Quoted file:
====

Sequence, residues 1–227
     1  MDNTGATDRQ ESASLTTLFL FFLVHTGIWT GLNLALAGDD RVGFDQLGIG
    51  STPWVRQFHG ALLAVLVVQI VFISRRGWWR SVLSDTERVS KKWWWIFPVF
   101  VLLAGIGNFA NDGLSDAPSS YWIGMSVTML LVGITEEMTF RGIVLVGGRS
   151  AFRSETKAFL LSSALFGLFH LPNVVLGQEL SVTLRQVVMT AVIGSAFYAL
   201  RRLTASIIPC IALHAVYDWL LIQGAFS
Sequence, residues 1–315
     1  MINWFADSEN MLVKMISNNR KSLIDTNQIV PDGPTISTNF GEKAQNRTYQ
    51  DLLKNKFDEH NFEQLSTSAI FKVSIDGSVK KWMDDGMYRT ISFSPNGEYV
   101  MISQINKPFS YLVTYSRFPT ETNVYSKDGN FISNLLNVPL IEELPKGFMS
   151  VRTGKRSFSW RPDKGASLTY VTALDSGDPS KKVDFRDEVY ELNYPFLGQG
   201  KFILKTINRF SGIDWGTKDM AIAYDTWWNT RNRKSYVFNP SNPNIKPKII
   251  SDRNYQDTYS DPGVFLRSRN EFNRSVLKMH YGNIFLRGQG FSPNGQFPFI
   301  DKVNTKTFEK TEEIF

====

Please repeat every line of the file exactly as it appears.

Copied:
Sequence, residues 1–227
     1  MDNTGATDRQ ESASLTTLFL FFLVHTGIWT GLNLALAGDD RVGFDQLGIG
    51  STPWVRQFHG ALLAVLVVQI VFISRRGWWR SVLSDTERVS KKWWWIFPVF
   101  VLLAGIGNFA NDGLSDAPSS YWIGMSVTML LVGITEEMTF RGIVLVGGRS
   151  AFRSETKAFL LSSALFGLFH LPNVVLGQEL SVTLRQVVMT AVIGSAFYAL
   201  RRLTASIIPC IALHAVYDWL LIQGAFS
Sequence, residues 1–315
     1  MINWFADSEN MLVKMISNNR KSLIDTNQIV PDGPTISTNF GEKAQNRTYQ
    51  DLLKNKFDEH NFEQLSTSAI FKVSIDGSVK KWMDDGMYRT ISFSPNGEYV
   101  MISQINKPFS YLVTYSRFPT ETNVYSKDGN FISNLLNVPL IEELPKGFMS
   151  VRTGKRSFSW RPDKGASLTY VTALDSGDPS KKVDFRDEVY ELNYPFLGQG
   201  KFILKTINRF SGIDWGTKDM AIAYDTWWNT RNRKSYVFNP SNPNIKPKII
   251  SDRNYQDTYS DPGVFLRSRN EFNRSVLKMH YGNIFLRGQG FSPNGQFPFI
   301  DKVNTKTFEK TEEIF